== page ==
These past few weekends I have taken advantage of not having to travel (and leaving my schedule open on weekends), so I had the time and energy to do some spring cleaning and cooking/baking. I have been trying to get back to my roots with cooking but it’s difficult without my mother around as she was the top Cambodian cook I know. This past Saturday, when I went to a local Cambodian market to pick up ingredients to make lemongrass beef satay, I asked the store owner whether I had enough ingredients for the amount of beef I bought. She, along with a customer, was friendly and eager to advise, and as she pointed out a few items I needed, she asked me, “Do you have mommy at home?” in her broken English. I knew she was trying to help and assumed that my mom would have been able to advise me on what to get if she were around (and she was right – obviously I wouldn’t have to ask strangers for Cambodian cooking advice if my mom were still alive). Anyway, my dad, being a chef himself, is great in the kitchen, but I think his Khmer cooking pales in comparison to my mother’s. If only cooking and being a “foodie” was trendy back in the day, I wouldn’t have been so rebellious every time my mother told me to stay in the kitchen with her!
A few weekends ago I tried for the first time ever, to make Cambodian noodle soup (the Vietnamese pho equivalent), “kathiew”. I asked my dad what ingredients I needed and from there I played around with seasonings until I was satisfied with how the broth tasted (the broth is key to a good noodle soup). Here is all I needed for a good broth base: beef bones, bone marrow, cabbage and an onion.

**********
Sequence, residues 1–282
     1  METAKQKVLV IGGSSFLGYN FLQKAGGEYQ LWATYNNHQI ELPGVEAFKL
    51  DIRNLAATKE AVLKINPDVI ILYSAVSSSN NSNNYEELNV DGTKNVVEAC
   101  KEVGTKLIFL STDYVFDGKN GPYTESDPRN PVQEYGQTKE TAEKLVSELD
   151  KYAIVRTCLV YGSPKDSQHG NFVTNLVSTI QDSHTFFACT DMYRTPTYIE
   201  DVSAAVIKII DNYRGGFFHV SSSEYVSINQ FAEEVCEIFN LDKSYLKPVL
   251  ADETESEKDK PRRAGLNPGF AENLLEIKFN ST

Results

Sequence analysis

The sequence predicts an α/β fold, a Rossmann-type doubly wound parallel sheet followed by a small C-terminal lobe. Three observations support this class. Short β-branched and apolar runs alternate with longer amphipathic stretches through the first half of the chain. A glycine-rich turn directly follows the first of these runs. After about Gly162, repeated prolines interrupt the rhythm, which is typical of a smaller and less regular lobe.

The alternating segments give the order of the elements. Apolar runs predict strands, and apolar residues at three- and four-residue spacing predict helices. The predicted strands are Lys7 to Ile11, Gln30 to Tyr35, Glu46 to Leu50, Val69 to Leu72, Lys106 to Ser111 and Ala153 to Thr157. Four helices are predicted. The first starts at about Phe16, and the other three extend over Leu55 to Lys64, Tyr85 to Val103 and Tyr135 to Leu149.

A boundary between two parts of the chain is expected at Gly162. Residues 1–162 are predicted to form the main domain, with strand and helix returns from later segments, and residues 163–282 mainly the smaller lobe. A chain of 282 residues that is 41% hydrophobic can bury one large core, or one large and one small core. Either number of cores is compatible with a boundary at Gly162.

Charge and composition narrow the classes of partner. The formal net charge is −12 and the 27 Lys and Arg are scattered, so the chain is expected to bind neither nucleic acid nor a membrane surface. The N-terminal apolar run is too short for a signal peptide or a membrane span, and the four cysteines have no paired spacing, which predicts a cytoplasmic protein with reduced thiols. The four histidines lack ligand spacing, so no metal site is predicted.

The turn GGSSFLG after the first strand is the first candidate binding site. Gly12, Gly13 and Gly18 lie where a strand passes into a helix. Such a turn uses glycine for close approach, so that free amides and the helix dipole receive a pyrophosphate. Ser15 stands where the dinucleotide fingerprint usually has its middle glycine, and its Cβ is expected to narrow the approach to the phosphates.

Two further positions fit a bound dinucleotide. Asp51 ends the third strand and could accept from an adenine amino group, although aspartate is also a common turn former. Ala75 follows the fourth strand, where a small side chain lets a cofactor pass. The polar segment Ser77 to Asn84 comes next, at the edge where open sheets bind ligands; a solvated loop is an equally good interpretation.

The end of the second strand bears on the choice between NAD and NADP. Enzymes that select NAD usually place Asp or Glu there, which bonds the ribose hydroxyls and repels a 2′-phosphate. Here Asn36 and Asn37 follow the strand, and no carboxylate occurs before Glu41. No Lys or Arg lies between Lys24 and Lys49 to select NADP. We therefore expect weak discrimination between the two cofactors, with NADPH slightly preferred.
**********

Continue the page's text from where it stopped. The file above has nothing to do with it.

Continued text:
I let the ingredients simmer in a giant pot of water for a few hours and then let it sit overnight. The next morning I woke up early to continue letting the broth simmer for another few hours until the beef was fall-off-the-bone tender, and looked like this:
The broth is already flavorful from the beef, cabbage and onion so seasoning is very simple – just salt, fish sauce and a bit of sugar to round out the flavor! My parents are MSG fans but we quickly got rid of MSG when my dad moved in with us, so I blame lack of MSG for my broth tasting differently than my parents’.
To pull together a bowl of noodle soup, all you need now are the fixings. For me, it’s primarily MEAT. Here is sliced beef and beef meatballs (my parents usually also offer tripe and shrimp, but I was too cheap to buy those additional ingredients). We cook the beef in our bowl of noodles, and let the meatballs cook in the broth, like so:
You’ll have to boil a pot of water separately to cook the dry noodles:
And now, the fixings to make the soup even tastier: scallions, cilantro, bean sprouts (yuck for me, but good for others), lime, fried garlic, 2 different types of Sriracha hot sauce, Hoisin sauce and Chinese fried dough. Everyone fixes their plate differently.
For me, I like my noodles with a variety of meats (beef from the broth, meatballs and steak), cilantro, scallions, fried garlic and a touch of hot sauce for a little bit of spice. Here is the final product:
My siblings came over for brunch to eat the kathiew, which was great because it’s been a while since we had home-made kathiew together. Although my soup did not taste as good as my parents’, it was still a success (we had a few more bowls throughout the day!), and I look forward to trying it again in another month or so.
Lastly, kudos to all the food bloggers who post their recipes and photos of the cooking process. I tried doing it for this post, but it got tedious really quickly. Much respect!